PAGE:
We just happened to arrive in perfect timing for the spectacular Hindu festival Dev Deepavali. This link can tell you more about the religious significance than I can, but what I can say is that it was simply magical. Roman played hardball and negotiated a fantastic price with a boatman so we were able to watch all the action from the Ganges.

We pushed off from shore just before sunset and watched the riverside come alive with music, ceremonies, parties and lights. The ghats were packed with an incomprehensible number of people.

Nearly every ghat on the riverside was alight with thousands upon thousands of small oil lamps. A small stream of paper lanterns were drifting in the sky above the water and everyone was reflecting the lights on the ghats by setting small leaf bowls filled with marigolds and a lit oil candle to float on the water of the Ganges as an offering. Everything was warmth and beauty and a million points of shimmering lights. An absolutely incredible sight to see.

Especially striking to me was the wave of heat and smell of the oil from the lamps when we walked up the ghats after our boat ride and the fact that the biggest party of all – massive speakers blasting incredibly loud, joyful bhangra music and a ghat throbbing with a dancing crowd – was right next to one of the burning ghats.

The old town

During my first visit, we stayed in a nice hotel outside the city center and away from the action. This time, Roman and I were in the midst of the old town, the tangle of streets too narrow for any vehicle bigger than bikes or hand drawn carts. I’m pleased to say that even Roman got lost in these streets, and we had a great time wandering around, trying to find our way and discovering unexpected nooks and crannies along the way.

I loved these explorations so much. There is so much life going on in those narrow streets, so much to see. And still there were unexpected moments of stillness and peace too. Finding an ancient tree growing out of a decrepit rooftop, a shaft of sunshine managing to find a way to pierce the shadowed alleys, walking and chatting with a schoolgirl through quiet lane.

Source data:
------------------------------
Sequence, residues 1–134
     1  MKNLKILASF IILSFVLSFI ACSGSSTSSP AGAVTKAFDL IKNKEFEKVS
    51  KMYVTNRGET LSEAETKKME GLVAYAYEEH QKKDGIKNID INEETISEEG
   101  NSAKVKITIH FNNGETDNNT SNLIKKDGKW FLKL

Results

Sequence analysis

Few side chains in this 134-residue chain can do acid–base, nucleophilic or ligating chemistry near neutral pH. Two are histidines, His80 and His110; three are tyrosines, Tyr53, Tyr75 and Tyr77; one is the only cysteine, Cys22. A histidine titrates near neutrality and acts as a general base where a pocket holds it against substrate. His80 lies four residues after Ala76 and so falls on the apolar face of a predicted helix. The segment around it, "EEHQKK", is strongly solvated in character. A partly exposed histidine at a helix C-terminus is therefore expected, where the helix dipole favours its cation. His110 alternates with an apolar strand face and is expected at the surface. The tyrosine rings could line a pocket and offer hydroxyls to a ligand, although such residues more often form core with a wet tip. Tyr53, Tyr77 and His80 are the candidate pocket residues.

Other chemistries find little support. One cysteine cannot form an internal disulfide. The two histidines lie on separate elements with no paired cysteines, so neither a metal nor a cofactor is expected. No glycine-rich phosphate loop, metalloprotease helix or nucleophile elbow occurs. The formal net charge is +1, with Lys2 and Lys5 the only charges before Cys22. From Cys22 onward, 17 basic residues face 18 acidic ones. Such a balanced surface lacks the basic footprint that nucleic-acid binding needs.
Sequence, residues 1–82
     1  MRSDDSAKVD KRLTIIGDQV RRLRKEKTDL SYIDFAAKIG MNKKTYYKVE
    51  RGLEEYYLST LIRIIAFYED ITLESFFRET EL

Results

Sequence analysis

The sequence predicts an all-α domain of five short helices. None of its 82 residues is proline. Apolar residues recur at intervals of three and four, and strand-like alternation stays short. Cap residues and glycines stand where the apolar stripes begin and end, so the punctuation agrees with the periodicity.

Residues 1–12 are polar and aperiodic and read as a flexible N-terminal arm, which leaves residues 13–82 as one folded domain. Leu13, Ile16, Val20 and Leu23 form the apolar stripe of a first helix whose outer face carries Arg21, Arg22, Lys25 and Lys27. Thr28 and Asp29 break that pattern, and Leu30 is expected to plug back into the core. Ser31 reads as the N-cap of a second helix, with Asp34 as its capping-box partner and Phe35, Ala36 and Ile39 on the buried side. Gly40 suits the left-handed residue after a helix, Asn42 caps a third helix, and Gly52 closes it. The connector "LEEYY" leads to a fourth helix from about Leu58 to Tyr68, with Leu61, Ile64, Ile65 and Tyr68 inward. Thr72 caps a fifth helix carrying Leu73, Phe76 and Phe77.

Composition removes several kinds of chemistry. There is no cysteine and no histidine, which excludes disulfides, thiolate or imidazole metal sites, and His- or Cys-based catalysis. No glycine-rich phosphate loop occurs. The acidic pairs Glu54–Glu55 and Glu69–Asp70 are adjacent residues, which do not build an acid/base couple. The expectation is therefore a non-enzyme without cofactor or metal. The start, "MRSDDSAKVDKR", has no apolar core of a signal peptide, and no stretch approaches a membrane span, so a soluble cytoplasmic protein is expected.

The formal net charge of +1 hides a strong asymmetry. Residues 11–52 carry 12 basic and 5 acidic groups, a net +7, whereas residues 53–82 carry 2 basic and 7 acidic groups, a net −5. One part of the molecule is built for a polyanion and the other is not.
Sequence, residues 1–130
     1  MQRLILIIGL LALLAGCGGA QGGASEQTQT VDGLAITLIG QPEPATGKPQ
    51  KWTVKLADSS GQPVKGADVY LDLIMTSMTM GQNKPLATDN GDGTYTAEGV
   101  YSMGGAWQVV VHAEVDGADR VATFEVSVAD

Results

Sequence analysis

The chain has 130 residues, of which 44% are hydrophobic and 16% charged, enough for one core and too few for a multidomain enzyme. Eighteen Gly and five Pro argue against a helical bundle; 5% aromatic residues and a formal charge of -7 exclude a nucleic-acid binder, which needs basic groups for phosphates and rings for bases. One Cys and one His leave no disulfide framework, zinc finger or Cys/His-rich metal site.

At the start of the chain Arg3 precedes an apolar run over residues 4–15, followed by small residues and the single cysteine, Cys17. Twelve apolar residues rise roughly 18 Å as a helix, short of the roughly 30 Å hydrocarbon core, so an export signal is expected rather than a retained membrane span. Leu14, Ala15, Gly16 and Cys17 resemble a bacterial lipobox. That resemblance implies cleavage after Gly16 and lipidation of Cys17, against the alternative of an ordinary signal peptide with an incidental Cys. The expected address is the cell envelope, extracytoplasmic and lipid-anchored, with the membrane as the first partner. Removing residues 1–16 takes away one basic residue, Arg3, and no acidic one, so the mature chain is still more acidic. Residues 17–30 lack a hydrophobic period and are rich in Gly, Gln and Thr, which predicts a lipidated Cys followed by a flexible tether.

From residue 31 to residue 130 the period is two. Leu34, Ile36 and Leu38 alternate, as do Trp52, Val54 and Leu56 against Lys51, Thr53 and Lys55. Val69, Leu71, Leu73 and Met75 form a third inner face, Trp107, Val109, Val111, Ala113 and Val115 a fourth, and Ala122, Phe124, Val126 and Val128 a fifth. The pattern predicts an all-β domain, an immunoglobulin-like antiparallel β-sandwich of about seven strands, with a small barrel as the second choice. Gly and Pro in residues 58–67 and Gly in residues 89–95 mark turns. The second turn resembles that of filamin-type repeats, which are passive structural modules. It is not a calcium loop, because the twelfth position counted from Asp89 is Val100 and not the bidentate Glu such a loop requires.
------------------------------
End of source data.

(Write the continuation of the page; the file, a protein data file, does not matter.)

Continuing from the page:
The people

Varanasi seemed to be full of philosophers and of people looking out for us.

Folks were so eager to share the history and meaning behind the traditions. We had many willing teachers on the topic of the burning ghats. “Cremation is education; burning is learning” is something we heard over and over again.

So many of the Indians we met there warned us that there were plenty of unsavory characters in Varanasi; that we had to keep our guard up. But any time we looked the slightest bit lost, people would approach us to give directions. When cows blocked our path in the narrow streets, folks would come to help get them moving. People were happy to help and I found support and company even as I was feeling nervous at the burning ghats.

I had gone there with Roman but didn’t feel comfortable staying as long as he wanted to. A lovely, chilled out young guy named Deepu kept me company just outside the burning ghats while Roman took in the sights. He told me lots about the funeral ceremony and Varanasi in general, and about his German girlfriend and his dreams to move to Jamaica and we laughed and smiled together in the sunlight and were eventually joined by some lovely old men who were there to bathe and who enthusiastically explained the ceremony to me all over again. After they all left, a tough little boy about ten years old came up to me and let me fly his kite while spitting out streams of brown chewing tobacco juice and getting into scrapes with his friends and other kids on the ghats. It was so sweet to receive all that unconditional company and it really did me good.

Around the burning ghats